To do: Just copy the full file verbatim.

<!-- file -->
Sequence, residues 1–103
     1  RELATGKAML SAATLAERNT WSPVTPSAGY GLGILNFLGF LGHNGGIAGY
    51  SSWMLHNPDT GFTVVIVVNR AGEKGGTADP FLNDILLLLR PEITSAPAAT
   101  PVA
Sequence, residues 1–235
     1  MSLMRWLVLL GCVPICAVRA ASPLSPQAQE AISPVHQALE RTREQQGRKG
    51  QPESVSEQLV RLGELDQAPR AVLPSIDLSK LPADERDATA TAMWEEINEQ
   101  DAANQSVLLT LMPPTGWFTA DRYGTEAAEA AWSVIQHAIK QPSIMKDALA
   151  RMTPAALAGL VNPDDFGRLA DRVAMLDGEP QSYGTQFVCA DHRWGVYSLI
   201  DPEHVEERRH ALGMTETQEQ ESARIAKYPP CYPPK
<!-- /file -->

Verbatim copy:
Sequence, residues 1–103
     1  RELATGKAML SAATLAERNT WSPVTPSAGY GLGILNFLGF LGHNGGIAGY
    51  SSWMLHNPDT GFTVVIVVNR AGEKGGTADP FLNDILLLLR PEITSAPAAT
   101  PVA
Sequence, residues 1–235
     1  MSLMRWLVLL GCVPICAVRA ASPLSPQAQE AISPVHQALE RTREQQGRKG
    51  QPESVSEQLV RLGELDQAPR AVLPSIDLSK LPADERDATA TAMWEEINEQ
   101  DAANQSVLLT LMPPTGWFTA DRYGTEAAEA AWSVIQHAIK QPSIMKDALA
   151  RMTPAALAGL VNPDDFGRLA DRVAMLDGEP QSYGTQFVCA DHRWGVYSLI
   201  DPEHVEERRH ALGMTETQEQ ESARIAKYPP CYPPK